He would cap itemized deductions at 28 percent of income for those earning more than $400,000 a year, impose a 12.4 percent Social Security payroll tax on those in the highest bracket and also repeal the break on pass-through income for this class of taxpayers.  These changes would increase the tax burden on this income group some 16 percent.  All Americans would also face the reimposition of the individual mandate to buy health insurance.  Lower-income Americans would see increased tax breaks: a jump in the earned income tax credit for older taxpayers, a rise in the Child and Dependent Care Tax Credit from a maximum of $3,000 presently to a fully refundable $8,000 ($16,000 for multiple dependents), and, just for 2021, an increase in the Child Tax Credit from today’s $2,000 maximum to $3,000 with a $600 bonus for children under six.  That, too, would be fully refundable.

Republicans would resist the changes, most especially the tax hikes, but are likely to yield in compromises, particularly if doing so helps them protect the existing provisions in the corporate tax code.  The net economic effect of these proposed changes would not be that great.  The tax breaks for dependent care and children might increase spending marginally among those eligible, but not enough to affect overall growth rates appreciably.  No doubt the increased burden on the wealthy would prompt these people seek ways to shelter income from taxes and so create a small boom in the tax preparation industry.  By making tax exemptions that much more attractive these changes would also bring a slight rise in municipal bond prices.  To the extent that the tax hikes bite, they are more likely to slow the flow of savings than spending, as most in these high-income brackets live well within their means.

A greater impact on savings and investment would emerge from Biden’s plans on capital gains and inheritance taxes. 

He would raise the present rate of 23.8 percent to 39.6 percent for households with annual incomes above $1.0 million.  He would change current arrangements on inheritance.  Today, those willed appreciated assets pay taxes only when they realize the gains and then only on the gains since they received the assets.  The Biden plan would insist that heirs pay income taxes on the unrealized gains.  These plans are silent on other aspects of inheritance taxing, such as the $100,000 exclusion per person or accommodations for inflation or special provisions for the transfer of a principal residence or a small family business or farm. Presumably, these would stand.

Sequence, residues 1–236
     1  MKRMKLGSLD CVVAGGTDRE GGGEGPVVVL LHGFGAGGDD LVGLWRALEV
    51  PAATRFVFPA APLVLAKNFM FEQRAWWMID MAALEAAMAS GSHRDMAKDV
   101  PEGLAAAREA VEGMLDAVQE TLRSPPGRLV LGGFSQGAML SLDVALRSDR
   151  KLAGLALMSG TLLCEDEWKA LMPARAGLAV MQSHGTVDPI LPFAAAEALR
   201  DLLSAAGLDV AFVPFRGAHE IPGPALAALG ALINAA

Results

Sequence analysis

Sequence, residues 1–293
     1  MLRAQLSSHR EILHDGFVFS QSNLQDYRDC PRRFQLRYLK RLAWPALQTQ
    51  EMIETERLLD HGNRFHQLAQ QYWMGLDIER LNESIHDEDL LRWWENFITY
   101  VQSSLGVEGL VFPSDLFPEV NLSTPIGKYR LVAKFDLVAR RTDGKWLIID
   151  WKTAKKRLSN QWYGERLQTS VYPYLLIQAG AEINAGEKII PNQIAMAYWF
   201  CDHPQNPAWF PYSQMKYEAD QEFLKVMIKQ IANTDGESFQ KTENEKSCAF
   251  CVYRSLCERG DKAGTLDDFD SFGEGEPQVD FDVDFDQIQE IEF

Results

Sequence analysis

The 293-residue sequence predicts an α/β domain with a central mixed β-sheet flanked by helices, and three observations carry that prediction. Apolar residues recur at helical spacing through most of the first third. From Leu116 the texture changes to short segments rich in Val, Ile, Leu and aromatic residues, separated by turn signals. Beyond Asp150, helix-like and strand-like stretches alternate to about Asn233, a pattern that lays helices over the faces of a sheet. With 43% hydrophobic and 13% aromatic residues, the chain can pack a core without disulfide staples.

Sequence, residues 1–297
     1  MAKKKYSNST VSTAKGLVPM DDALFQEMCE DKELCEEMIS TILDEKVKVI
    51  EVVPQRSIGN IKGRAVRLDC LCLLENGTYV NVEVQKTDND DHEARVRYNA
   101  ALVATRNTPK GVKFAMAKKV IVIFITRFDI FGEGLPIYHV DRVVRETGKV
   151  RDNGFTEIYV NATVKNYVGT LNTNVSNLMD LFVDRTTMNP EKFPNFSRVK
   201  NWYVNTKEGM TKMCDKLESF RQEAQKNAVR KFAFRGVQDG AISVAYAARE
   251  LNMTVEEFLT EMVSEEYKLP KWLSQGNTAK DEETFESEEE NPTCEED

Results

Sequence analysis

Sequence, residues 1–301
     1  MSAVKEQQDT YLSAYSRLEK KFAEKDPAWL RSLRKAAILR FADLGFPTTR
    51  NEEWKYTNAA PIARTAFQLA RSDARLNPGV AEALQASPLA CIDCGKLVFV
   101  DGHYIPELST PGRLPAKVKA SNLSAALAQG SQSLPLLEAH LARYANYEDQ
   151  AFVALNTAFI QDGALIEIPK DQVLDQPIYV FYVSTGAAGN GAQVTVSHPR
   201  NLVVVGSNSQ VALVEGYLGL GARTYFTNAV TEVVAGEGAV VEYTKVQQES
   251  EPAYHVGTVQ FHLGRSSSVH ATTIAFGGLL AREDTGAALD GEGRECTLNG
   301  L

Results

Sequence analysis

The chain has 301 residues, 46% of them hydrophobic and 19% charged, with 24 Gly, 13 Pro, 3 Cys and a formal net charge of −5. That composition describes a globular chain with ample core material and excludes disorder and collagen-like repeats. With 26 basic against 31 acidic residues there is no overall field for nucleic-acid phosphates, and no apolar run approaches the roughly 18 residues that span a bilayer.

We’re such provisions to pass into law or even just look likely, they would cause an immediate sell off in financial markets as asset holders sought to realize gains under the present lower tax rate.¬† Such monies would likely go back into the market quickly.¬† The inheritance changes would have a more lasting depressive effect on market prices in that each transfer would force sales to enable the heirs to pay the tax on the willed assets.¬† In general, the provisions would discourage savings by significantly reducing the returns to them, putting further downward pressure on asset prices and otherwise reducing the funds available for capital investments.

A strict accounting of these the entire package shows that it would raise federal revenues some $3.3 trillion over ten years.  Accounting  for the slight growth impediment in these tax changes, a consensus of economists suggests that the actual revenue gain would amount to something closer to $2.7 trillion over this time.  Either way, the annual figure of between $270 and $330 billion would reduce projected federal deficits by about a third, leaving considerable flows of red ink.  Of course, the ultimate budget effect would also depend on Biden plans for spending, which are far from inconsiderable, especially his version of the Green New Deal.  How much of that passes into law will also be a matter of substantial resistance in Congress and will form the subject of a separate discussion.